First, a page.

How to Get a Business Loan
At some point, practically all entrepreneurs need to inject cash into their businesses. This is true at all stages of enterprise development, from newly minted start-ups to well-established companies. However, if your financial needs don’t line up with the resources you have on hand, a business loan is your most likely solution.
Loan options for business owners encompass a wide range of options, ranging from familiar standards like term loans to innovative and emerging alternatives like invoice financing and merchant cash advances. This guide will walk you through the steps you should follow to secure a business loan that satisfies your cash requirements while minimizing your costs and risks.
How Business Loans Work
Conventional and alternative lenders offer a wide range of loans, financing options, and financial products to business owners. These include revolving forms of credit, like business credit cards and lines of credit. However, for the purposes of this guide, we will focus on repayable private loans that advance you a fixed sum of money for business use.
Your main options include:
- Term loans: These loans deliver a fixed sum of money, which must be repaid over a specified period of time known as the “term.” Over the course of that term, interest accrues on the loan. You must pay back the loan principal plus interest and any applicable fees.
- Equipment financing loans: Equipment financing plans function much like term loans, except that they are usually configured so that the loan term lines up with the expected lifespan of the equipment you’re buying. The equipment also doubles as collateral for the loan, so these specialized options usually carry advantageous terms compared to standard loan structures.
- Invoice or accounts receivable financing: This option is available to borrowers who have regular clients with a history of reliable, on-time payments for products or services rendered. With invoice financing or accounts receivable financing, you essentially “sell” an unpaid account to the lender in exchange for a set percentage of the invoice’s value (usually in the range of 80% to 95%). The lender secures the right to collect payment from your client, pocketing the difference plus applicable fees.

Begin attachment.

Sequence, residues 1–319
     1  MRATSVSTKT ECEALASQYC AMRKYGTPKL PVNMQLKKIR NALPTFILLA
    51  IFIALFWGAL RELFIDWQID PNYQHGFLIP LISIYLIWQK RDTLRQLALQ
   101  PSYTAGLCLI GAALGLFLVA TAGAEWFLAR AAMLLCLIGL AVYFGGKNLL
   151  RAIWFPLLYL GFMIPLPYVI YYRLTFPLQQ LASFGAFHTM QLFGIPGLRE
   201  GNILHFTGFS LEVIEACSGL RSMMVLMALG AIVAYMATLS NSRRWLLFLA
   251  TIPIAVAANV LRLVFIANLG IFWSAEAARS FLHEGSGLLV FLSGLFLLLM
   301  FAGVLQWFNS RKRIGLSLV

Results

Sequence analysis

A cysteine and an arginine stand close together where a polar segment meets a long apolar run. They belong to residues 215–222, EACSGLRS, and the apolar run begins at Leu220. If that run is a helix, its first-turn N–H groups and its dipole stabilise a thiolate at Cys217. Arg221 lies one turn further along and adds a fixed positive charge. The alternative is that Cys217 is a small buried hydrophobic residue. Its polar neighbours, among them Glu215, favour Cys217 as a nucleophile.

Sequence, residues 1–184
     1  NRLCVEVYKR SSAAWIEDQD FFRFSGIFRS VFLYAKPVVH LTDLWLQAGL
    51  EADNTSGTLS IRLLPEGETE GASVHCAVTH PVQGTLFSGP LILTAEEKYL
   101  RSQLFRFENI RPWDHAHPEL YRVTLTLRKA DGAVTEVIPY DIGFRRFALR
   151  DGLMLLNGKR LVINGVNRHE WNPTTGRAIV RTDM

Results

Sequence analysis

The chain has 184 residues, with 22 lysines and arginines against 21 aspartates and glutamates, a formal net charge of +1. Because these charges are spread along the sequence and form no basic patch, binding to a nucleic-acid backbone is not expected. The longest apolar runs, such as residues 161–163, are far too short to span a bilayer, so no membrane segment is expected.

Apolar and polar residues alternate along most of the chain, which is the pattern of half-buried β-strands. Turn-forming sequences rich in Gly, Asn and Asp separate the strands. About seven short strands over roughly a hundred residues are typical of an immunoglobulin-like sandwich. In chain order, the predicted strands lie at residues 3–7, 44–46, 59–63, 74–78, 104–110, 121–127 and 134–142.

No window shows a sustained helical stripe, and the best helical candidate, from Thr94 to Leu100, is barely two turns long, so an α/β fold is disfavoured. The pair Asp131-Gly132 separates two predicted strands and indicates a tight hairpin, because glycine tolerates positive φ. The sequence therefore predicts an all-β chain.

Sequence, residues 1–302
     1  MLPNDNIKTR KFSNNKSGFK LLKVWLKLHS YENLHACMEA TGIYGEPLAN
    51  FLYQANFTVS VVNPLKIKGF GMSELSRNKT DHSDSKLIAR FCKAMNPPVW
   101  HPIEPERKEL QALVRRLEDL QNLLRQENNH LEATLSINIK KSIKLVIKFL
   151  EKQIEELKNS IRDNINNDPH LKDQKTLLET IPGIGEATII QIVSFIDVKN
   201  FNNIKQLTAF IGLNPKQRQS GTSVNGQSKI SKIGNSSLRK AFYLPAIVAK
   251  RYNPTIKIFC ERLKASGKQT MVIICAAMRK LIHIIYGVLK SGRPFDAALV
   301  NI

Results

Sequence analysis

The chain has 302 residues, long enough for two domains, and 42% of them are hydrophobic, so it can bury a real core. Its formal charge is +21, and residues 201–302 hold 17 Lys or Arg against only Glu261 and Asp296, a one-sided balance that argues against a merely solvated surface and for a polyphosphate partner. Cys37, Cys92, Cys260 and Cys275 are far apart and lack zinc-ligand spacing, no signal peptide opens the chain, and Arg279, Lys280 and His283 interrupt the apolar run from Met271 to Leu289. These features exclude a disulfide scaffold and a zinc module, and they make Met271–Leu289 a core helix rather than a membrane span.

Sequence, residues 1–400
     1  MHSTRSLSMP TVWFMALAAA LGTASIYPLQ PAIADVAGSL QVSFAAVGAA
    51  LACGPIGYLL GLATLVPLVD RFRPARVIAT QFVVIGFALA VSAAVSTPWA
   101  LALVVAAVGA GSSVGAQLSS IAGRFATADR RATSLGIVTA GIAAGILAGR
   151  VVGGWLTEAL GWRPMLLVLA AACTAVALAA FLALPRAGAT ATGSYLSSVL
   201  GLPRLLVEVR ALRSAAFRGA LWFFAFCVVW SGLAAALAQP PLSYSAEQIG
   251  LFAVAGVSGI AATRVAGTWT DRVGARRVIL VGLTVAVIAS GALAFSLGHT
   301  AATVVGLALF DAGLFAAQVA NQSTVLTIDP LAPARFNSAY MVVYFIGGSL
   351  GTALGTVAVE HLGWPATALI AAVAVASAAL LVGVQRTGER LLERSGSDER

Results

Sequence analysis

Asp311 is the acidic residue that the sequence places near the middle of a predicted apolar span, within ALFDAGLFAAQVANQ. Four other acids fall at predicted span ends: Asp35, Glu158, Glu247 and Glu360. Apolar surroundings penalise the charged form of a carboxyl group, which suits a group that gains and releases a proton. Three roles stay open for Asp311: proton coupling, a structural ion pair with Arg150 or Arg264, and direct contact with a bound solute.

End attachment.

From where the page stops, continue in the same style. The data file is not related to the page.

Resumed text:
- Merchant cash advances: Businesses that process card-based customer payments can also get a specialized loan known as a merchant cash advance. With this structure, you agree to pay the lender a set percentage of your daily card payments in exchange for the loan. The daily payments continue until you have repaid the loan plus interest and fees.
Application processes and documentation requirements vary among lenders, but they typically include the following:
- Your business tax ID number and/or your personal Social Security Number
- Two to three years of business and/or personal tax returns
- Income statements and other verifiable documents that illustrate the company’s financial situation, such as cash flow statements and future income projections
- Business and/or personal bank statements
- A current, valid business lease or proof of ownership of the premises where your business is located
- Current copies of any licenses your business may require to operate
Specialized loans may require additional documents, which the lender will specify at the outset of the application process.
7 Steps to Securing a Business Loan
Small business financing experts and consumer credit bureaus recommend that you follow these straightforward steps to get your business loan:
1. Determine how much money you need. It is not generally considered a good idea to borrow more than you need, as doing so only increases your costs over the lifetime of the loan. It also sends a red flag to the lender, since they vastly prefer working with borrowers who have thought about their needs in detail and show restraint and personal responsibility with money.